We will be looking at various kinds of outcomes particularly any breakthrough infections, any hospitalization, or death in these individuals. This will give up measures of vaccine efficacy and effectiveness in real-world situations. This will help also us refine our dosing schedule and intervals.

Q: Many anecdotal stories have come up which suggest that the older population is not developing any anti-body? Is there any study happening on that? What do you suggest these individuals do?

A: There is no research happened on this. These are anecdotal incidents you are talking about. There is no formal research. Whatever research we have, it is from the clinical trials which don’t corroborate to the extent.

Sometimes these anecdotes become too much of a concern. That is not the complete truth. The key issue is that antibody is not the only parameter. I believe you are quoting doctors from Karnataka who have been saying that they didn’t get antibody and that’s why they need another additional dose.

That is not correct. There are two issues which we have to understand. After the vaccine, some people develop antibodies a little later not within two weeks after the second dose. The delay in developing antibodies may delay up to three months after the second dose.

The second issue is that there is another type of immunity that provides memory into the body. If next time this coronavirus tries to hit or enter the body, it will quickly identify that there are known foreign agents and they respond and prevent their entry and adverse effect in the body. These are called T Cells while B cells are antibodies.

Q: These are all hypotheses and no study or research is happening around these vital issues. Why?

A: How do you know that these are not being done? These are scientific research issues on which several scientists and research groups are working continuously. Very soon several publications over the next few weeks will come. I am privy to many of these data but obviously for scientific reasons we cannot make it public. Once it is published, then you can have a look at it in Indian and international journals.

Q: Can you confirm with all certainty that our vaccines are working against all variants of concerns, especially B.1.617.2?

A: Yes, I can say that. Our vaccines are working against B.1.617.2 though variably. When any group or committee is taking any decision, they do it with a total sense of responsibility. The decision is not for an individual or a small community it is taken for the whole population and meticulously these factors are taken into account.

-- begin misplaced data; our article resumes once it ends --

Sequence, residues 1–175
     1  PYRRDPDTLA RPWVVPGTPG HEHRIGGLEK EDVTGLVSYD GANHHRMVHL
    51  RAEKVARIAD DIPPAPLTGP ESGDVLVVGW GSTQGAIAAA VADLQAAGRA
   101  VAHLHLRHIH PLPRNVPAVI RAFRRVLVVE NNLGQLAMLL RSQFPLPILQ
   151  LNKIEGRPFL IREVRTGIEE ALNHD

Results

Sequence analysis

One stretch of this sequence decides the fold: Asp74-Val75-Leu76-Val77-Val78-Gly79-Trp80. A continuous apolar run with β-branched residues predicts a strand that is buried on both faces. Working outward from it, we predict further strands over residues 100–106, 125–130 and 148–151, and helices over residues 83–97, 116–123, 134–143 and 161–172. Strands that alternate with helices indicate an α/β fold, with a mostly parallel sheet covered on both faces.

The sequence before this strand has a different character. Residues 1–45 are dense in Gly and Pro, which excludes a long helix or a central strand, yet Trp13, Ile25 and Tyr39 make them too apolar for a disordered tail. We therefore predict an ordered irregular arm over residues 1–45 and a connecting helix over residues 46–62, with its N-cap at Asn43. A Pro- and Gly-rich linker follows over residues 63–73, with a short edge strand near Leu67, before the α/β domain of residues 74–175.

We have very good vaccines. We have been able to vaccinate about 14 percent population with at least one dose so far. Most of these are over 45 years. If these people wouldn’t have got the vaccine, we would have been in a very bad situation.

Q: But many crucial aspects of Covid-19 such as data related to reinfection or post-vaccination infection haven’t been made public. Why?

A: We have the data and very soon it will be published. Since you have raised this question, let me tell you I have just seen the data on reinfection which suggests that 5% of non-vaccinated people get re-infected after three months. Likewise, the data on breakthrough infection among fully or partially immunized healthcare workers shows that 2.8 percent of healthcare workers have had COVID infections – most of these were mild, and only a few required hospitalization. In this study, none died. 

Interestingly, the reinfection rate is similar among healthcare workers who have taken single dose or double dose. There is a lot of work happening in every aspect of Covid-19.

Q: And what’s your take on vaccine shortage in the country?

A: Let me share with you that the government has made a huge investment in vaccine research and manufacturing in this country. At present, almost 30 vaccines are in the pipeline with the help of a variety of technologies such as recombinant, vectored, mRNA, DNA, etc. With all these works happening, we should be immunizing Indians of every age and soon we will be supplying vaccines to the whole of the World.